undercut -- to speak with a softer tone and lower pitch than the previous line
underplay -- to use a softer tone, less energy, and a more casual manner than previously
understudy -- performer in the show who studies another role and is prepared to substitute in case of emergency
unities -- restrictions set by Aristotle that a play should take place in one day, at one place and with a single plot line
unit set -- uses flats, screens, curtains, platforms, and stairs that can be rearranged to change locales
universal theme -- a theme or message in a play understood by all men at all times
up-left center -- that part of the playing area farthest from the audience and just left of center as you face the audience (the actor’s left)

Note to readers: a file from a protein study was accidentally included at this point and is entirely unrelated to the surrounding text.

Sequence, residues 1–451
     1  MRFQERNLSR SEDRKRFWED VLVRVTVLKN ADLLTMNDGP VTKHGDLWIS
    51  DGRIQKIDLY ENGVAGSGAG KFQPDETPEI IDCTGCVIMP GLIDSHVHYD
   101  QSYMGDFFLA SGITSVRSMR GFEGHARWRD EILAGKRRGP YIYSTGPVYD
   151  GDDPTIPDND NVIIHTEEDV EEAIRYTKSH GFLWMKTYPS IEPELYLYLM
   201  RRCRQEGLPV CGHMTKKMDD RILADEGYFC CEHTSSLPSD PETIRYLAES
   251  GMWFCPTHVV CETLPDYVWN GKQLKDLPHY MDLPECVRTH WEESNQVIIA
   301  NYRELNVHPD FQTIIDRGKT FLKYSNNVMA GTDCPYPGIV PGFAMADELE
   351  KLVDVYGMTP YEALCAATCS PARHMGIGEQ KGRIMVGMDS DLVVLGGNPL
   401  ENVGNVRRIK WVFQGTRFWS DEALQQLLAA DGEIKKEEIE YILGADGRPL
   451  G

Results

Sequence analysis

uplight -- light that comes from underneath a performer, either from footlights or through a grated or Plexiglas stage floor
upstage -- area on the stage area farthest away from the audience. The term dates back to the days when the stage was raked away from the audience so that actors had to literally walk upstage
upstaging -- to cross deliberately to a place upstage of another actor and assume a full front or one-quarter position, thereby forcing the other performer to turn to a three-quarter position in order to talk with the upstager